Safety is the Number 1 priority!
Be sure to read and follow the safety requirements and recommendations for the tools you are using and those stated by the adult you are working with. Always wear eye protection when building your hovercraft. Always wear ear protection when operating loud items such as saws. Always wear dust masks when you are working with tools that generate dust. Gloves should be worn when working with rough wood to help avoid splinters.
| ||CAUTION! READ and FOLLOW the manual for your saber saw, including all safety notices. NEVER place your hand or fingers under the board you are cutting. The saw blade will be exposed on the underside of the plywood. |
|Mark and cut out the plywood disc. A disc of at least 102 centimeters (40 inches) in diameter is recommended. You want a large surface area disc to lift the weight, and you also want your hovercraft to have a wide base so it is stable. Sand the edges to get rid of and roughness and splinters. Pick one side to be the top and one to be the bottom. |
|Mark a hole on the plywood large enough for the blower exhaust. This should not be in the center of the disc as you are going to cover the center later with the coffee can lid. It should be offset to one side. Also consider how your blower and chair will sit on the disc later and make sure the blower and chair will work without interference. Cut the hole. (Picture 2)|
| ||CAUTION! When using a utility knife, always be sure the sharp edge is pointed away from anyone nearby, including the person doing the cutting. |
|Measure and cut a circle from the plastic sheet. You need enough to cover the underside of the disc -- with some slack -- and then enough extra to wrap around over edge to the top of the disc where you will staple it near the perimeter. We recommend you make the plastic circle at least 15 centimeters (6 inches) in radius (30 centimeters, or 12 inches in diameter) larger than the plywood disc. You can always cut off extra later. You will be forming a bag out of the plastic and the plywood disc and so you will not be pulling the plastic taut over the plywood. The bag will fill up with air that will travel out a number of small holes you will cut in a later step. It is this air that will lift the hovercraft off the ground. |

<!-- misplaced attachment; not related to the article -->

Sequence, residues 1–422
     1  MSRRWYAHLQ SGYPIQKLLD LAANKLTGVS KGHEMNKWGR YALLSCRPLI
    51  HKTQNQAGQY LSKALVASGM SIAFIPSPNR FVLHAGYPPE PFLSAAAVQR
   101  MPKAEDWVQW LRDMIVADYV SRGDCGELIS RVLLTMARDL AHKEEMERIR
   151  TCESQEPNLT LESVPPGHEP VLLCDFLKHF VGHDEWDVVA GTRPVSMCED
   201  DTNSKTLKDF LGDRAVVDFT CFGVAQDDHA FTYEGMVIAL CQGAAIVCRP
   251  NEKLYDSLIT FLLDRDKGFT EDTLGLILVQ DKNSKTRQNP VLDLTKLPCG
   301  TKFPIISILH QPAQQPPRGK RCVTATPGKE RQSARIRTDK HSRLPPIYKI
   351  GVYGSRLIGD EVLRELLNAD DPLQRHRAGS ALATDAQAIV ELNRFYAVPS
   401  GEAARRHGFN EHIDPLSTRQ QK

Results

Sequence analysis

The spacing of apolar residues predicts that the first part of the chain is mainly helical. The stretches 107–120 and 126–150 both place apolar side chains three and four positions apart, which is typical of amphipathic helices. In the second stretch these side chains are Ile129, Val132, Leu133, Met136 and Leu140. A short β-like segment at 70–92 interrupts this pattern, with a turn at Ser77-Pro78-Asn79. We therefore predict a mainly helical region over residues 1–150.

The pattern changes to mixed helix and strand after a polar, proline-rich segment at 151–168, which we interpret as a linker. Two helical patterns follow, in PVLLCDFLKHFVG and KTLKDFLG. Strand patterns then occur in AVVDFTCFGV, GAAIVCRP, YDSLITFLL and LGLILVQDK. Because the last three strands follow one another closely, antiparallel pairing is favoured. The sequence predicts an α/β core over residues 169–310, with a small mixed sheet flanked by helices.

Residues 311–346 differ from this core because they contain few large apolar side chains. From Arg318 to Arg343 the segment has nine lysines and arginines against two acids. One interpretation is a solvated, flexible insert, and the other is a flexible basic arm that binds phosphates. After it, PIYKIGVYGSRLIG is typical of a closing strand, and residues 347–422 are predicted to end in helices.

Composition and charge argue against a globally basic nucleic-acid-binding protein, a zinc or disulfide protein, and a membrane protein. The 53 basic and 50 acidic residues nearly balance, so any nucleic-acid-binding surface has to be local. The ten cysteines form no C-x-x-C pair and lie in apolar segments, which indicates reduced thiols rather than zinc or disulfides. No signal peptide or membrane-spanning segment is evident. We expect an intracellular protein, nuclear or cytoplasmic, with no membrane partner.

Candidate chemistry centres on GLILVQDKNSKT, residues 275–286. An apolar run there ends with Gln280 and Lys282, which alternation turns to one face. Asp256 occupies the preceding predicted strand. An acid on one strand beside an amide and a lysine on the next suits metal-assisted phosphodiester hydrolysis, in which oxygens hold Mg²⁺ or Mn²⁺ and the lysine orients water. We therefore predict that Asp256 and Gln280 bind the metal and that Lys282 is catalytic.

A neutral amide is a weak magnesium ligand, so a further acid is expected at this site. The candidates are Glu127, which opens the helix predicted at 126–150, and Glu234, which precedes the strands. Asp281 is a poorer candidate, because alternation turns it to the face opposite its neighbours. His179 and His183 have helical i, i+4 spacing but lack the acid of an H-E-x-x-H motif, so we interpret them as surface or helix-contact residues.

| ||Turn the disc over so the bottom is facing up. Place the circular plastic sheet over the plywood disc lining up the centers. Place the lid -- a coffee can or whipped topping lid -- over the center of both. With a permanent marker, trace a circle around the lid onto the plastic sheet. Draw a second concentric circle on the plastic sheet about 7.5 centimeters (3 inches) smaller in radius than the outer edge of the plywood disc. These circles can be quickly hand-drawn. They are only to show you approximately where to punch the small holes in the plastic.
Remove the plastic lid.
| ||Using a single-hole office paper hole punch, a utility knife, or hole punch for leather, punch or cut a number of small holes relatively evenly spaced over the surface of the plastic sheet in the area between the two circles. You are creating the exit holes for the air to leave the hovercraft to lift you off the ground. If you use an office hole punch, you can do this by creating small folds in the plastic just where you want to punch, pushing the fold ½ way or less into the punch, and then punching the hole. If the office hole punch method doesn't work, a utility knife or a leather punch and hammer can be used.